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  • 1mime  On March 9, 2015 at 10:55 am

    A very thoughtful recap. It’s important to keep Ferguson’s story alive so that America can learn from it and change because of it.

    It appears that the Mayor of Ferguson hasn’t learned a thing, however. Assume this statement hadn’t crossed your desk before your post.


    • weeklysift  On March 9, 2015 at 12:12 pm

      I saw the headline. But the practices of FPD won’t stand up in court, no matter what the mayor thinks.

  • blotzphoto  On March 9, 2015 at 11:59 am

    Question. How much of the spotty eyewitness testimony can be attributed to what appeared to be an incredibly poor job of investigating by the FPD at the time of the incident. as well as the shenanigans by the prosecutor preventing the kind of in depth examination of the evidence that would happen at a trial? You speak to the Justice Department having a direct access to the witnesses and evidence that the community lacked to examine the case, but isn’t that well poisoned already by the FPD’s own lack of rigor the day of the incident?

    • weeklysift  On March 9, 2015 at 12:11 pm

      The DoJ did its own canvass of the area, and got some witnesses to talk to it who didn’t talk to FPD.

  • Nancy Banks  On March 9, 2015 at 12:05 pm

    I think the real question is how much of this happens in all of our communities? If we really want to change we have to begin in our own communities and ask how our police and other government systems are treating the citizens who live in our communities or drive though.

  • coastcontact  On March 9, 2015 at 1:20 pm

    The never ending harassing, jailing, and killing of Black people in America is proof that this nation refuses to accept people of color as equal citizens. White Christian America is to blame. While things are far better than 50 years ago, I believe it will take another 50 years to change the country’s culture.

  • Shawn  On March 9, 2015 at 11:49 pm

    Thanks for the insightful summary! Here’s hoping for real and meaningful change to the systemic problems at the core of Ferguson and so many communities.

  • Cameron  On March 10, 2015 at 11:27 pm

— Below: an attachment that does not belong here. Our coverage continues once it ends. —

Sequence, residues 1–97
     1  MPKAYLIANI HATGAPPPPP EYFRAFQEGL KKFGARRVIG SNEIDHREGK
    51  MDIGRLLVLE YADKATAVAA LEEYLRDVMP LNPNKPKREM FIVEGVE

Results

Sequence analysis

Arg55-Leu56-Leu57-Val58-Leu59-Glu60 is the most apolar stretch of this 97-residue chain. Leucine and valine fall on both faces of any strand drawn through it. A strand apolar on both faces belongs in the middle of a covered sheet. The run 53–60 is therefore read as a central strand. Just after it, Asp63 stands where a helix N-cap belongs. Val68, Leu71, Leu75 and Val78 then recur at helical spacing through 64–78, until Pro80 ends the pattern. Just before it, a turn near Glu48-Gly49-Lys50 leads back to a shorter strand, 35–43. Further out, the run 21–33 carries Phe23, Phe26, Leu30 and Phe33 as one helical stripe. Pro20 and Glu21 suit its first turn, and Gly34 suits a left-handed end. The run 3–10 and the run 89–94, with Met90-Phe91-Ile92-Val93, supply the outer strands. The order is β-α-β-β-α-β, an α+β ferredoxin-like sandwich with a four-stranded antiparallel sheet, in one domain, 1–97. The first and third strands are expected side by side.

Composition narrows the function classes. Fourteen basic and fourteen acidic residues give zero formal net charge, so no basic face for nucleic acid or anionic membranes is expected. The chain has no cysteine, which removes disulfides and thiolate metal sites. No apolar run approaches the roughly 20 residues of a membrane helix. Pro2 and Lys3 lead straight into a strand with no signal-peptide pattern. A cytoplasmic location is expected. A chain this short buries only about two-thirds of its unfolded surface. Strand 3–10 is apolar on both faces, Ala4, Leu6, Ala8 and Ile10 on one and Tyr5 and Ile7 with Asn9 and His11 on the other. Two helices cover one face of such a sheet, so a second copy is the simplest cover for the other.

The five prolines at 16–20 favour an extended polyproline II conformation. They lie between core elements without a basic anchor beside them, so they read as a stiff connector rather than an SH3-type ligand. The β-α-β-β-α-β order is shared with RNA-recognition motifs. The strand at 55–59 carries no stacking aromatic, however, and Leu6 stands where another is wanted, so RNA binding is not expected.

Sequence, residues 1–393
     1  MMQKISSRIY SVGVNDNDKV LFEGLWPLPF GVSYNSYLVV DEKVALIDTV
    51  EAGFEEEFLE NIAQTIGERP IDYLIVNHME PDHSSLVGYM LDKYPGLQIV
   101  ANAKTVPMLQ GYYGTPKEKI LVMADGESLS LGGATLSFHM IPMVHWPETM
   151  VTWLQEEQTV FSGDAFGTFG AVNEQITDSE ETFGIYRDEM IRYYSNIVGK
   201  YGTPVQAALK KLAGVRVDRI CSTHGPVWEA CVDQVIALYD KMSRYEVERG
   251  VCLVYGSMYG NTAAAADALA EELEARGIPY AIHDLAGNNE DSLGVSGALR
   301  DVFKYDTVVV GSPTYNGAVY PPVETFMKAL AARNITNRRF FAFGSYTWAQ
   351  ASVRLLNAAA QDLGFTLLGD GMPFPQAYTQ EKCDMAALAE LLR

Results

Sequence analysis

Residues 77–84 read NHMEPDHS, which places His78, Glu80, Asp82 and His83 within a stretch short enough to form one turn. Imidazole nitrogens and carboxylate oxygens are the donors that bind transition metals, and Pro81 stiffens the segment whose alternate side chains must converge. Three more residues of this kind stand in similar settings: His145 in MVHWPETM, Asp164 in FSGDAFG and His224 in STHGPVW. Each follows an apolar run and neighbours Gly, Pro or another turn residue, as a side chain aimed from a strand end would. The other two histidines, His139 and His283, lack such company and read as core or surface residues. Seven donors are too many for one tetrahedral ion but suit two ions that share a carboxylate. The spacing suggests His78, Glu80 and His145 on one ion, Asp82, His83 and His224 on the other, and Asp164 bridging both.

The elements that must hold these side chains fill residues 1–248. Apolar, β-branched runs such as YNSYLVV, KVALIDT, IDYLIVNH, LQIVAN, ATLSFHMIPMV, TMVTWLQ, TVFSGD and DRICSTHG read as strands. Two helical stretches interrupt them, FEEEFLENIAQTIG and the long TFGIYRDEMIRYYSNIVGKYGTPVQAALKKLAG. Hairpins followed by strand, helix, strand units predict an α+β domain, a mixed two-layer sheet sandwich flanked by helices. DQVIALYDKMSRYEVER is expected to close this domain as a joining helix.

“I’ll never know for sure. But I couldn’t convict Wilson just on my questions. He should go free.”

    No. He should be sat in front of a jury and forced to answer those very fucking valid questions or plea the fifth…

    • Rocjard Drewna  On March 11, 2015 at 7:26 pm

      If you dismantle the Constitutional protection against self-incrimination due to a case where you despise the defendant, how will you react when those you hate use that same tactic against those you wouldn’t want it used for?

      • Philippe Saner  On March 19, 2015 at 2:42 pm

        He just said Wilson would be allowed to plead the Fifth. There’s no dismantling going on here.

  • Cameron  On March 10, 2015 at 11:33 pm

    A real one I mean. Not some prosecutor’s specially trained show jury.

  • Philippe Saner  On March 19, 2015 at 2:45 pm

    Even if everything Wilson said his true, it sounds to me like he should be imprisoned. Brown grabbing for his gun, or charging him, is not grounds for lethal force.

    Or at least it wouldn’t be, under a just legal system.

    • weeklysift  On March 21, 2015 at 7:50 am

      I definitely would not want Wilson as a policeman in my town. Like you, I think there had to be something better he could have done.

      But as the Justice Department report makes clear, that’s not the legal standard for charging him with murder. If he legitimately believed he was in danger, he’s not guilty. The state would have to prove to a jury, beyond reasonable doubt, that Wilson had no good reason to believe he was in danger. Given those legal constraints, and the lack of a reliable witness to center the case around, the result of a trial would be a foregone conclusion.